WASHINGTON — As firefighters head home from Southern Nevada, U.S. Sen. Harry Reid on Wednesday blamed “climate change” for the intense blaze that consumed nearly 28,000 acres and drove hundreds of residents from their homes around Mount Charleston this month.
Reid said the government should be spending “a lot more” on fire prevention, echoing elected officials who say the Forest Service should move more aggressively to remove brush and undergrowth that turn small fires into huge ones.
“The West is burning,” the Nevada Democrat told reporters in a meeting. “I could be wrong, but I don’t think we’ve ever had a fire in the Spring Mountains, Charleston range like we just had.
“Why are we having them? Because we have climate change. Things are different. The forests are drier, the winters are shorter, and we have these terrible fires all over the West.”
“This is terribly concerning,” Reid said. Dealing with fire “is something we can’t do on the cheap.”
“We have climate change. It’s here. You can’t deny it,” Reid went on. “Why do you think we are having all these fires?”
“You can make all the excuses,” he said, such as that fires are disasters that “just happen every so often.”
Reid made the statement as the battle against the 27,881-acre Carpenter 1 Fire was coming to a close and residents and business operators in the once-threatened Kyle Canyon were allowed to return to their homes Wednesday.
The fire was 90 percent contained, with all but one section of rocky terrain no longer burning.
The fire was started by a lightning strike in Trout Canyon on the west side of the Spring Mountains on July 1.
FEWER WILDFIRES, LESS AREA CONSUMED
There seems to be conflicting information about wildfires and the conditions that are causing them.
Numbers compiled by the National Interagency Fire Center indicate there have been fewer wildfires this year than in recent years.
Through Wednesday, there have been 25,370 wildland fires that have burned 2.057 million acres, according to the center, which coordinates federal agency responses to the blazes from its base in Boise, Idaho.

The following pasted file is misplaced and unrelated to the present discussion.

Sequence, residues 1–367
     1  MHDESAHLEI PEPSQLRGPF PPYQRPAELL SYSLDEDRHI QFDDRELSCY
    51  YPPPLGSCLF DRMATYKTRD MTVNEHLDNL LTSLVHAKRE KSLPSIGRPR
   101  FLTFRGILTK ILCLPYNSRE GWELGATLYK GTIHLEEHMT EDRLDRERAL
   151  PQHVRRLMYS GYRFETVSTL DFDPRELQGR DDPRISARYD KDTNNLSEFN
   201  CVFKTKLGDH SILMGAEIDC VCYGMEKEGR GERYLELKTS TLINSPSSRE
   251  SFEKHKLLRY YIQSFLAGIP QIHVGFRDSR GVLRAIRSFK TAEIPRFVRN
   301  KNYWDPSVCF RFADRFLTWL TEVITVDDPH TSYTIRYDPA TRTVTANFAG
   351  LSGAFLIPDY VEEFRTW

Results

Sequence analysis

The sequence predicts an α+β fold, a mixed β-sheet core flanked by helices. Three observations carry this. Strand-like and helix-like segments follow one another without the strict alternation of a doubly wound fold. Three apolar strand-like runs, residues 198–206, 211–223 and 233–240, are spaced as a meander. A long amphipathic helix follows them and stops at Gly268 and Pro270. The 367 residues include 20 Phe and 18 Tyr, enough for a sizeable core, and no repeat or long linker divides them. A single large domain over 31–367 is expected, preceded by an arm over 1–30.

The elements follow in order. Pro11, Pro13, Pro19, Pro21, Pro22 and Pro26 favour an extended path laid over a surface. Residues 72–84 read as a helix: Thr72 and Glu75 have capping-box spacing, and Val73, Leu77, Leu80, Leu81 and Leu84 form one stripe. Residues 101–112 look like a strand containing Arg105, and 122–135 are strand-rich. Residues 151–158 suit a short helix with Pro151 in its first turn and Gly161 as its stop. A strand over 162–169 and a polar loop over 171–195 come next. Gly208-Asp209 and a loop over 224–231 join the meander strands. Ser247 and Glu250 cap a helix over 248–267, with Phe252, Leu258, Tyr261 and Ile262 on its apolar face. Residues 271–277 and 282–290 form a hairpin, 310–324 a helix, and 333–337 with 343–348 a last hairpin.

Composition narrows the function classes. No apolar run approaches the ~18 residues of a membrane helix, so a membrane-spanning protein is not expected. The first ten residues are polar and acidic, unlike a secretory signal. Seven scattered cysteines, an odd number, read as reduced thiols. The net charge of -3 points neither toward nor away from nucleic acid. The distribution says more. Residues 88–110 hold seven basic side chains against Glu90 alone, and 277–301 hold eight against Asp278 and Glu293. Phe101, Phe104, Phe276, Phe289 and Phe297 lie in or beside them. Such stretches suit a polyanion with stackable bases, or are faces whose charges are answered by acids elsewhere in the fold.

Through the same date last year, there were 32,920 fires that burned 3.7 million acres.
In 2011, there were 40,736 wildfires through July 17, burning 5.9 million acres.
Reid has seen different data, his spokeswoman Kristen Orthman said Wednesday evening.
Orthman cited Climate Change, a Princeton, N.J.-based organization of scientists and journalists that has reported “there are more large fires burning now than at any time in the past 40 years.”
Additionally, she said, Reid based his view on a New York Times report this month that experts see a “hotter, drier West” as a new normal leading to huge fires.
REID: NO IMMIGRATION COMPROMISE
Besides fire, Reid talked on a range of topics during a 20-minute meeting with Nevada reporters who cover him in Washington.
The meeting came on a relatively quiet day for the majority leader of the U.S. Senate, after senators reached a compromise on Tuesday that averted what would have been a historic showdown over use of the filibuster.
On one of those topics, Reid turned his thumbs down on a suggestion the Senate might agree to a compromise with the House on immigration reform that would limit a pathway to citizenship solely to young residents who are in the country illegally, the so-called DREAMers.
The young people “are not going to be used as a pawn by the Tea Party,” Reid said, insisting the House at some point will pass a bill similar to the comprehensive immigration bill that passed the Senate late last month.
“I don’t know when, but they are going to pass it,” he said.
Republican refusal to pass a comprehensive bill might enable conservatives to win some U.S. House seats, “but they are dooming a Republican presidential nominee” in 2016, Reid said.
Contact Stephens Washington Bureau Chief Steve Tetreault at firstname.lastname@example.org or 202-783-1760. Follow him on Twitter @STetreaultDC.RAIN RAISES FLOOD RISK
Wet weekend weather could keep the public out of Kyle Canyon longer than expected.
Fire officials announced Wednesday night that there is a 50 percent chance of rain in the canyon area Saturday and Sunday. Because of debris flows in the Harris Springs area during last weekend’s thunderstorms, they might decide to keep the area closed to the public until flash flooding possibilities have passed.
Canyon residents, who returned to their homes Wednesday, would be allowed to remain.
“We realize that the public is anxious to visit and recreate on Mount Charleston again, but the safety of our residents and visitors remains our No. 1 priority,” Carpenter 1 Fire Incident Commander Rich Harvey said.
Lee Canyon, which wasn’t affected by the fire, is expected to open to the public at 8 a.m. Friday.
Colton Lochhead/Las Vegas Review-Journal